We’ve already touted the benefits of being barefoot. Now let’s talk about ditching your baby’s clothes, too!
Whenever it’s warm and safe to do so, consider stripping your baby down to her diaper. If you’re brave you can take that off, too (more on this below). Being naked promotes different areas of her development, including:
Skin-to-skin contact is when a shirtless mother or father cuddles their undressed infant, usually chest-to-chest. Doing this (especially soon after birth) benefits your baby’s brain development, health, ability to breastfeed, and attachment to you. You can read more about the benefits of skin-to-skin here.
For your baby (especially after the dark coziness of the womb) the world is a wild place. She must learn about her body and how to function amidst different lights, sounds, smells, tastes, temperatures, and textures. As adults, we move through this stimulating world barely noticing these things (unless of course we’re at Disney World). In short, we are sensitized.
The official term for becoming sensitized to our environment is “sensory integration”—the ability to understand the information we take in through our senses and use it to function.
Babyhood is primetime for sensory integration, especially when it comes to the skin. Letting a baby discover her body and environment through her bare skin is a great way to support this learning.
Research shows that clothing, like too-tight pants, can restrict babies’ movement. Choosing development-friendly garb is one way to ensure that your little one has a full range of motion. Going without clothes altogether takes this to the next level, removing all clothing-related restrictions.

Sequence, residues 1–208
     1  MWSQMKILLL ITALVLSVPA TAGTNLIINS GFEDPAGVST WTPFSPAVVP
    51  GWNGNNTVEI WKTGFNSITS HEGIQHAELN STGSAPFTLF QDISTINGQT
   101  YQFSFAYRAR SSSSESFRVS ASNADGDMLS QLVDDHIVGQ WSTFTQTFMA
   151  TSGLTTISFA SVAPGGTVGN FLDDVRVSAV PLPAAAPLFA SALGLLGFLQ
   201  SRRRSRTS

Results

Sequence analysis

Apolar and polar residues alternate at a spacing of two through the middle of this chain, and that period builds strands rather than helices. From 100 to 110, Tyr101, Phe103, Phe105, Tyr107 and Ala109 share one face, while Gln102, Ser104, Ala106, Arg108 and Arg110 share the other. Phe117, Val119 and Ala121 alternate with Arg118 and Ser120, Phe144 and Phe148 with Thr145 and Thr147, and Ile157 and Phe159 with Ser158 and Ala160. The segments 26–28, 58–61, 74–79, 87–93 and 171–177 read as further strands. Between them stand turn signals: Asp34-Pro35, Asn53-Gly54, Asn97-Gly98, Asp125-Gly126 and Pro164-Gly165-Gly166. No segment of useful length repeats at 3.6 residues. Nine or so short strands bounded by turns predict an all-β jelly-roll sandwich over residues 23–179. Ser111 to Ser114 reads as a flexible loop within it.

What’s Better, Diaper On or Off?
Some pediatricians and pediatric dermatologists recommend fully-naked play as a way to heal or prevent diaper rash. And when it comes to potty-training, certain methods advise letting your toddler run around bare-bottomed, arguing that the uncomfortable sensation of urine on her bare legs will motivate her to get to the toilet.
Where movement is concerned, this study showed that babies, whether new or experienced walkers, walked best when naked. The researchers think this may be due to the bulkiness of diapers between the legs, and because diaper material wrapped around the legs may limit movement and affect balance.
“The reality”, says Dr. Andrea Hayward, pediatric physical therapist, “is that giving babies opportunities to experience diaper-free moments can enhance the experience of walking, but they still have to figure out how to do it with diapers on.”
If you want to give fully-naked play time a go, try it outdoors, or indoors on a large, waterproof mat or a type of floor that’s easy to clean.
Whether your little one is crawling around in just a diaper or walking on a tile floor fully-naked, naked playtime (even 10 minutes a day) is an opportunity for her to experience the world in a different, developmentally-supportive way.